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May 12 - May 25, 2013

Cardinal George talks about the conclave, pope

On March 13, Cardinal George was among those who elected Archbishop Jorge Bergoglio the 266th successor to St. Peter. It was Cardinal George’s second conclave. He recently sat down with editor Joyce Duriga to share his thoughts on the election and Pope Francis.

Catholic New World: How do you think Pope Francis is doing so far?

Cardinal George: He’s obviously fit into the position quickly and well. Now he has to make decisions that are very important for the future.

CNW: What are some of those decisions?

Cardinal George: He has to make major appointments to the Curia.

CNW: It was mentioned often in the news leading up to the conclave that the new pope would have to reform the Curia. Why does it need reforming?

Cardinal George: There are two concerns. One is administrative, that is getting the Curia to work more effectively without so many delays. Making it easier for the curial cardinals, who are very critical of their own work, to have regular meetings with the Holy Father and more cooperation among the various offices. That administrative reform is always something to be worked on.

What is more current is the breakdown of the internal discipline necessary to govern. Papers were stolen from the pope’s desk. That had never happened before. How did it happen? Because it did happen, Pope Benedict set up a committee of three cardinals to investigate the context and write a report, which only the pope has seen — the former pope and this pope. The report addresses an issue more profound than administrative efficiency.

CNW: Did you know him before the election?

Cardinal George: I knew him in the sense that I know who he is, and we had talked a bit. I didn’t have a deep friendship with him.

CNW: Cardinal Bergoglio wasn’t mentioned in the media as being a frontrunner going into the election.

Was that what the cardinals thought or did something happen during the time leading up to the conclave to change things?

Cardinal George: He was very well respected among the cardinals, but a lot of people thought, as did the media, that we would elect someone a little younger, given Pope Benedict’s reason for stepping down. But then, as the conversation developed, people remembered the quality of the man and he became a serious candidate.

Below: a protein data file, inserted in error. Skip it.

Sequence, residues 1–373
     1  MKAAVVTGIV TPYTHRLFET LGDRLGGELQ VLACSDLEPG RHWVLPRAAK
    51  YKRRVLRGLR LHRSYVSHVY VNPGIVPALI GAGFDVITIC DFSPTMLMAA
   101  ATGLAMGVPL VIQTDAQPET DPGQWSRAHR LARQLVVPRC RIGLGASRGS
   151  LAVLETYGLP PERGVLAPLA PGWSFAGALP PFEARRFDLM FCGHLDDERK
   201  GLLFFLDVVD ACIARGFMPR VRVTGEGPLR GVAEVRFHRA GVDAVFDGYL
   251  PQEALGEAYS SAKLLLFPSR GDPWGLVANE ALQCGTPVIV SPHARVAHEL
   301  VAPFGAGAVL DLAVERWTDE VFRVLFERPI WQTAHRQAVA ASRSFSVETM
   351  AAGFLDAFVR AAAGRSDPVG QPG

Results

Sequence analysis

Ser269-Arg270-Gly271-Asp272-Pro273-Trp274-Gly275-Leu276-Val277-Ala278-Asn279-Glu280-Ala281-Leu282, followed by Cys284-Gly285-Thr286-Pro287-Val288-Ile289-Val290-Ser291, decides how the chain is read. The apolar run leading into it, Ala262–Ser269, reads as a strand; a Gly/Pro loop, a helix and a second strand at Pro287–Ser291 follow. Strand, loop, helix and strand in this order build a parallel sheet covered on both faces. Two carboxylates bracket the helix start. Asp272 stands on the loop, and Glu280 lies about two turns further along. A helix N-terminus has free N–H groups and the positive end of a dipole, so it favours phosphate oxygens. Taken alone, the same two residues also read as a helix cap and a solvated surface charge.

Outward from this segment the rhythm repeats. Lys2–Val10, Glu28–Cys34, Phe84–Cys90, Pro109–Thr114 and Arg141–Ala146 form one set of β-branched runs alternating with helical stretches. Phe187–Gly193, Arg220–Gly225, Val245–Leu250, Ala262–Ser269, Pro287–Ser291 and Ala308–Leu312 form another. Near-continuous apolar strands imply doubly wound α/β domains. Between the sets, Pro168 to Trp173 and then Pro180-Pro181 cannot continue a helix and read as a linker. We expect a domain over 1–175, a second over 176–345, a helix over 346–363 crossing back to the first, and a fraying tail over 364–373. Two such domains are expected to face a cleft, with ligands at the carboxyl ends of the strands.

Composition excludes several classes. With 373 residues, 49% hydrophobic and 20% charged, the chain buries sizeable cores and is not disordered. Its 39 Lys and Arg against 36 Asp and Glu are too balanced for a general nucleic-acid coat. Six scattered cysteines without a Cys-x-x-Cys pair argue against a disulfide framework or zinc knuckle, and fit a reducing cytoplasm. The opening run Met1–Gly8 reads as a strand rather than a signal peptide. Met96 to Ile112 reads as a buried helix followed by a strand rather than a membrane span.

What we were looking for was somebody who has proven he can govern well, and he started to be discussed before we went into conclave. Once the conclave begins, you also begin to see more clearly who really has support. A number of cardinals are talked about, but the results of the first ballot tell you who really has support.

CNW: Why was the result of the election different than what was predicted in the media during the run up to the conclave?

Cardinal George: The media talked about people who were really very capable. The media often go wrong, however, because they think in terms of blocs, as if the conclave were a political convention where people vote their interests or the interests of their country. There isn’t much of that. Instead, everyone is asking, “Who will be the best universal pastor?” They aren’t asking, “How can we get a South American elected? Or somebody from the United States or Poland?”

The media imagined that the Curia itself was of one mind. The curial cardinals were of many different minds, as was every other group. All of the groupings that the press came up with are natural enough in a conventionally political situation, but the papal election was an exercise in spiritual discernment. In that perspective, the cardinals approach the election with a unique set of questions.

CNW: Was there anything that stood out this time around that was different from your first conclave?